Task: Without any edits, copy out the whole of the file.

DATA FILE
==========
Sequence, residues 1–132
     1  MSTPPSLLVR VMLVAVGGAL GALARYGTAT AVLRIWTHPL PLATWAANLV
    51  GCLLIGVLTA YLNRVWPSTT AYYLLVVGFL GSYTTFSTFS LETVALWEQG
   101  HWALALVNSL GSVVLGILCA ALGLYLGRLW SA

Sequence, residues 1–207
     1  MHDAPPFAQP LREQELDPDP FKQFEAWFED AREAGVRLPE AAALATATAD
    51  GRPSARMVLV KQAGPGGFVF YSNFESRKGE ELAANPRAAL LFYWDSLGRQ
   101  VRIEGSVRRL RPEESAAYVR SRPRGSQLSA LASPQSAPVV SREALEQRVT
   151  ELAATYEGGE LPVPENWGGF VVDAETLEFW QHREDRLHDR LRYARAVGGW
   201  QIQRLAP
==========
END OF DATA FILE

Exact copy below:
Sequence, residues 1–132
     1  MSTPPSLLVR VMLVAVGGAL GALARYGTAT AVLRIWTHPL PLATWAANLV
    51  GCLLIGVLTA YLNRVWPSTT AYYLLVVGFL GSYTTFSTFS LETVALWEQG
   101  HWALALVNSL GSVVLGILCA ALGLYLGRLW SA

Sequence, residues 1–207
     1  MHDAPPFAQP LREQELDPDP FKQFEAWFED AREAGVRLPE AAALATATAD
    51  GRPSARMVLV KQAGPGGFVF YSNFESRKGE ELAANPRAAL LFYWDSLGRQ
   101  VRIEGSVRRL RPEESAAYVR SRPRGSQLSA LASPQSAPVV SREALEQRVT
   151  ELAATYEGGE LPVPENWGGF VVDAETLEFW QHREDRLHDR LRYARAVGGW
   201  QIQRLAP